A cultural-historical critique of how engineering knowledge is constructed through research in play-based settings: what counts as evidence and what is invisible?

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    It is reported that engineering for play-based settings is a new body of knowledge under debate and contradictory. Many studies show how play-based settings are full of engineering possibilities for young children, whilst others have identified missed engineering teaching possibilities. In order to better understand the research, this paper answers the questions, ‘How is engineering knowledge being constructed through research into play-based settings?’, and ‘What do the results show for practice and future engineering research for preschool settings?’ To answer these questions, a critique of those studies which focused on engineering education in play-based settings was undertaken. By examining existing studies in relation to the study designs and the results, this paper reports on how categories of engineering knowledge were established and how knowledge was constructed for engineering education for play-based settings. Using cultural-historical theory, the results show that studies of play-based setting have primarily been guided by practices from only some engineering professions, knowledge construction is based on both pre-defined and emergent categories, and research has tended to focus mostly on constructing (e.g. blocks). Gendered engineering knowledge was also identified, suggesting only partial understandings of engineering education evident. The critique not only identified knowledge construction that positively contributes to scholarship but also found gaps in what was being studied, thereby contributing to research by cautioning against full acceptance of the existing analytical concepts in the literature and suggesting that the building of a broader set of analytical categories for future research is needed.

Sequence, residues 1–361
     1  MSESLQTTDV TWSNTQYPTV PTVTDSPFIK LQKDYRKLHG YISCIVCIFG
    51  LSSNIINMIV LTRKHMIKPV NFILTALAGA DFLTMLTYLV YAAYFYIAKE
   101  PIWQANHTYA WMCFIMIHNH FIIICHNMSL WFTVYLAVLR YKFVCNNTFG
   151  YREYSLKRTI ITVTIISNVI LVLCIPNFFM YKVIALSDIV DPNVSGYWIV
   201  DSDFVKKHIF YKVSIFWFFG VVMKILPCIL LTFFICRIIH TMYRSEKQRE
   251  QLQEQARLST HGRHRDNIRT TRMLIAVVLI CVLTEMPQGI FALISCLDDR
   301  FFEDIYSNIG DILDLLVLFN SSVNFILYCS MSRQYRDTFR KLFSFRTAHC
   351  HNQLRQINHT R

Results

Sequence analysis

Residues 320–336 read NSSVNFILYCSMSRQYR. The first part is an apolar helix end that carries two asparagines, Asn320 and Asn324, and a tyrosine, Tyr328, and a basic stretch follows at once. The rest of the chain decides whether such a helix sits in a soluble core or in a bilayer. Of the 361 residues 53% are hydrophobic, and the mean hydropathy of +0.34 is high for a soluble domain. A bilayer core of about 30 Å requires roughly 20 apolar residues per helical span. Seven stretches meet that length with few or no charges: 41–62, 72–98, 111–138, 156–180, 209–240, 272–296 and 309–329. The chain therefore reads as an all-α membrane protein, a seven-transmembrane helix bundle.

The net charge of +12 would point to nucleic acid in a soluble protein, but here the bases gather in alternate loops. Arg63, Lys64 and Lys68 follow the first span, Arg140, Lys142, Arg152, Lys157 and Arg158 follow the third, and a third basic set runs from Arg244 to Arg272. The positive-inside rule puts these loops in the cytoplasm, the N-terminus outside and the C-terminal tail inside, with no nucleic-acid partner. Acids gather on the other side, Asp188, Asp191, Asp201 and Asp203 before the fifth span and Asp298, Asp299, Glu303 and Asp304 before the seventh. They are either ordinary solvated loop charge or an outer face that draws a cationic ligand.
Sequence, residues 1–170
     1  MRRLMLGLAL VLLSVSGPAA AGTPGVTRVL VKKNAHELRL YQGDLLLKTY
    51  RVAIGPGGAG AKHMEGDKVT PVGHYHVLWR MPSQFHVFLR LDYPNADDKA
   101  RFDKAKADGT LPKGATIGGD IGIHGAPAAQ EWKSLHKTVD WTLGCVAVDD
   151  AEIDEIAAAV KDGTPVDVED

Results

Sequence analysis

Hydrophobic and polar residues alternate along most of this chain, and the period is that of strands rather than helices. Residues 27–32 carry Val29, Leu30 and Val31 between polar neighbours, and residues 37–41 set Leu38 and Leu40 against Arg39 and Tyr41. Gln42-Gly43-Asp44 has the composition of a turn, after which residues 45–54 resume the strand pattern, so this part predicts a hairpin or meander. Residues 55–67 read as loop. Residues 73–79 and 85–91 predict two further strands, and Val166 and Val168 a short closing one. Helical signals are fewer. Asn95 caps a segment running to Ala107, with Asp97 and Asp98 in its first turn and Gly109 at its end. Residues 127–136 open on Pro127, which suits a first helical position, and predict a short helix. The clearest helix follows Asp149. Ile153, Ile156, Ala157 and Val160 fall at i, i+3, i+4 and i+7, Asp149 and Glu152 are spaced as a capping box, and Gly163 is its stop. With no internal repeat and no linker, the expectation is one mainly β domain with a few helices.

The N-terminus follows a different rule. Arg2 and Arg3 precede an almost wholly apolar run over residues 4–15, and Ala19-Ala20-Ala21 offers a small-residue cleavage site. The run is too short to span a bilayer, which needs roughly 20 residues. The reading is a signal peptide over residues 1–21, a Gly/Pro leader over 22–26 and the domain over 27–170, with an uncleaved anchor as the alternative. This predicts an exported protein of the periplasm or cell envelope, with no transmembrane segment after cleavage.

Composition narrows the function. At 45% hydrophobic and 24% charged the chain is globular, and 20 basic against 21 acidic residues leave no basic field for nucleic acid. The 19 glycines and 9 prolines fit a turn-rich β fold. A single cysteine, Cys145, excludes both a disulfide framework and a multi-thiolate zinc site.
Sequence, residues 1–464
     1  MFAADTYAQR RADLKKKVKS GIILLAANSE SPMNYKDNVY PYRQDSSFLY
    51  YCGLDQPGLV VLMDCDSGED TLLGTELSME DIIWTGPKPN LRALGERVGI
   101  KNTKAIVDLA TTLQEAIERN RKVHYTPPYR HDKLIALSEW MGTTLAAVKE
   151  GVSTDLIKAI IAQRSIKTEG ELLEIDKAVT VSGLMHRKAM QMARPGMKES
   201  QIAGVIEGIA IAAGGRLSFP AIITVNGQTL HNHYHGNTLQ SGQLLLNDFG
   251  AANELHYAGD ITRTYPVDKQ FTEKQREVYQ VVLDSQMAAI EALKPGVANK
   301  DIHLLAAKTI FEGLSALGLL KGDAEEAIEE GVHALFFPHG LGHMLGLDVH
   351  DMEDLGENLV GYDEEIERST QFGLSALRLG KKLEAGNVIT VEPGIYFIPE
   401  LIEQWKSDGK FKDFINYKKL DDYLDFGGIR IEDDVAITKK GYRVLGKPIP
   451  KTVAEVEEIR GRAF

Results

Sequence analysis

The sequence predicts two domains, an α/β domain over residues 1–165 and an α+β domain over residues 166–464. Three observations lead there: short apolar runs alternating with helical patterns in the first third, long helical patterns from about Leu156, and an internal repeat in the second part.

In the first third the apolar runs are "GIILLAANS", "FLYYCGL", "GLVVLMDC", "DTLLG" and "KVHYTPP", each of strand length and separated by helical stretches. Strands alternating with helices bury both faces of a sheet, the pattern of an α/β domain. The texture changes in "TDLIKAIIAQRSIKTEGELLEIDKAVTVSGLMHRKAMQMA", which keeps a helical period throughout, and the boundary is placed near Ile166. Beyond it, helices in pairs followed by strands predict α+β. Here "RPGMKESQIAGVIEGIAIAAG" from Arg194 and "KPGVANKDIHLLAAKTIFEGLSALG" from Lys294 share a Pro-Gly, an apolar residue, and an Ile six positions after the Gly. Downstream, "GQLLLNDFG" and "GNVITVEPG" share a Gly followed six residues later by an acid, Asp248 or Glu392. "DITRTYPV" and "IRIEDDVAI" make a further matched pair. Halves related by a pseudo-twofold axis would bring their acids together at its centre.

Original languageEnglish
    Pages (from-to)1355-1373
    Number of pages19
    JournalResearch in Science Education
    Issue number4
    Publication statusPublished - Aug 2022


    • Early childhood
    • Engineering education
    • Gender
    • Preschool
    • Play
    • Cultural-historical

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